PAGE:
Taliban Send Victims of Domestic Violence to Prison

washington — For 27-year-old Leeda, “life is like hell” as her husband beats her every day and she “has to tolerate it” because she has “no other option.”

“My body is always bruised, now I am used to it, I have to tolerate it for my children,” Leeda, a mother of three who lives in the western city of Herat, told VOA with tears in her eyes.

But Leeda, who did not want her real name to be revealed for fear of reprisals, said that she has “nowhere to go” as her parents and siblings are not in Afghanistan and there is no organization in Herat she can turn to for help.

“In the past in Herat, women-operated offices used to help women like me, but those offices no longer exist,” Leeda said, adding that “if I go to the Taliban for help, they will imprison me. They listen to men, not women. What will I do with my children if I go to jail?”

A United Nations report released in December said the Taliban are sending to prison women who complain to them about gender-based violence and do not have male relatives to stay with.

“The confinement of women in prison facilities, outside the enforcement of criminal law, and for the purpose of ensuring their protection from gender-based-violence, would amount to an arbitrary deprivation of liberty,” stated the U.N. report.

The report added that the imprisonment of vulnerable women would have “a negative impact on their mental and physical health.”

The report, covering the period from August 2021 to March 2023, said that gender-based violence against women in Afghanistan includes murder, honor killings, sexual assault, injury and disability, and deprivation of women from receiving inheritances.

The Taliban told the U.N. that the handling of the cases of violence against women is “based on Sharia law and there is no injustice committed against women.”

After seizing power in 2021, the Taliban closed all the women’s protection centers in Afghanistan where female survivors of family violence would take refuge.

Even before the Taliban’s takeover, Afghanistan had one of the highest rates of violence against women, with nine in 10 women experiencing some sort of intimate-partner violence in their lifetimes.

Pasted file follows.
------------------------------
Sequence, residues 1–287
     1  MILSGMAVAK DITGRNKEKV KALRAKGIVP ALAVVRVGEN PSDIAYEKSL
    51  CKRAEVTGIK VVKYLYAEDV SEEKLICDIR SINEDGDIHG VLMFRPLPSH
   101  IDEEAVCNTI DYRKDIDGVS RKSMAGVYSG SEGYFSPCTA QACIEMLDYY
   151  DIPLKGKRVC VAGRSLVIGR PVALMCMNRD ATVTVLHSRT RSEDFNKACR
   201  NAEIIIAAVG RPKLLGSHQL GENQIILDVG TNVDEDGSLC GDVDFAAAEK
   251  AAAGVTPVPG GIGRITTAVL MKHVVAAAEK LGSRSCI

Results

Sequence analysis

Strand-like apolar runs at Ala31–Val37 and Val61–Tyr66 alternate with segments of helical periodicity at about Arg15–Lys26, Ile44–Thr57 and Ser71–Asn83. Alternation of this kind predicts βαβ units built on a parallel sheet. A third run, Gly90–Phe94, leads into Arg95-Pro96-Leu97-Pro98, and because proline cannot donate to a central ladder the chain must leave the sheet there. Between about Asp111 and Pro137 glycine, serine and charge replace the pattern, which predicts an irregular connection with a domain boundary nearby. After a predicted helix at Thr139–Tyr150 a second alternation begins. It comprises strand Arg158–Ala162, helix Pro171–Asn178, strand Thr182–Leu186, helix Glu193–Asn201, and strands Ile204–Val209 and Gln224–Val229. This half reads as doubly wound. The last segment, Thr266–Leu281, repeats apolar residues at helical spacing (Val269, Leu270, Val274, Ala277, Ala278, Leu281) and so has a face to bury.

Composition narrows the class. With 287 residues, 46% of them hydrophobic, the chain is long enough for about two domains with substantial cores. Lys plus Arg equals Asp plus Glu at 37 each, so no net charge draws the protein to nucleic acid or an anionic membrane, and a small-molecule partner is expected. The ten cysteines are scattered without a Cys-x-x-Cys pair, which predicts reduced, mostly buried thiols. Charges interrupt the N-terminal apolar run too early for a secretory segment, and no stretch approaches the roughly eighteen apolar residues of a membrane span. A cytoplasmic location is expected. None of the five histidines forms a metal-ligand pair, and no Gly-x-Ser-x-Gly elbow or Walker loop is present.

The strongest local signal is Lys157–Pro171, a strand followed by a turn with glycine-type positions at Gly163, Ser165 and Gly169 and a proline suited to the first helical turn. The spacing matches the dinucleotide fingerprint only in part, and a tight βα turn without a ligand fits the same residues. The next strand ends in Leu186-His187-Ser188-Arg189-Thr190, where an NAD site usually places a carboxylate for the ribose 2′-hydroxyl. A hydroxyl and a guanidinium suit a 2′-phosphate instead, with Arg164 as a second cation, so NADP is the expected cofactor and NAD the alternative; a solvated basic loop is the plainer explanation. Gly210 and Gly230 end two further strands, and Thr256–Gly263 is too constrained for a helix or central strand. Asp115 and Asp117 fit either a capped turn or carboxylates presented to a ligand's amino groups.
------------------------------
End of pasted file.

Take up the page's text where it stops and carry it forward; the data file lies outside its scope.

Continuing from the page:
Though the support system was not without shortcomings, female survivors of gender-based violence had access to “pro bono legal representation, medical treatment and psychological support,” Amnesty International stated in a 2021 report.

“The system was imperfect, but activists had fought hard for it, and it was gradually improving. One of the first things the Taliban did after seizing power was to destroy this system completely,” said Heather Barr, associate director at Human Rights Watch.

Barr said that the Taliban’s return brought about “the worst women’s rights crisis” in the world.

Under the Taliban, women in Afghanistan are banned from secondary and university education, working with government and nongovernment organizations, and traveling long distances without a male relative. They are also barred from going to gyms and public parks.

Samira Hamidi, a regional campaigner for Amnesty International, told VOA that dismantling the institutions, such as the Ministry of Women’s Affairs and the Afghanistan Independent Human Rights Commission, created “a huge gap” in the ability to monitor the women’s rights situation in Afghanistan, especially that of survivors of domestic violence.

“The Taliban’s measure to accommodate women survivors of domestic violence in prisons instead of safe houses and accommodations is a blatant violation of human rights, especially the right to freedom of movement and life,” said Hamidi.

She added that the Taliban “have no intention to protect women” who face gender-based violence.

With the Taliban’s continued crackdown on women’s rights in Afghanistan, female victims of gender-based violence, like Leeda, live in fear.

“I fear the Taliban,” Leeda said. “If I complain against my husband to anyone, my husband will send the Taliban after me.”

Roshan Noorzai of VOA’s Afghan Service contributed to this report, which originated in VOA’s Afghan Service.

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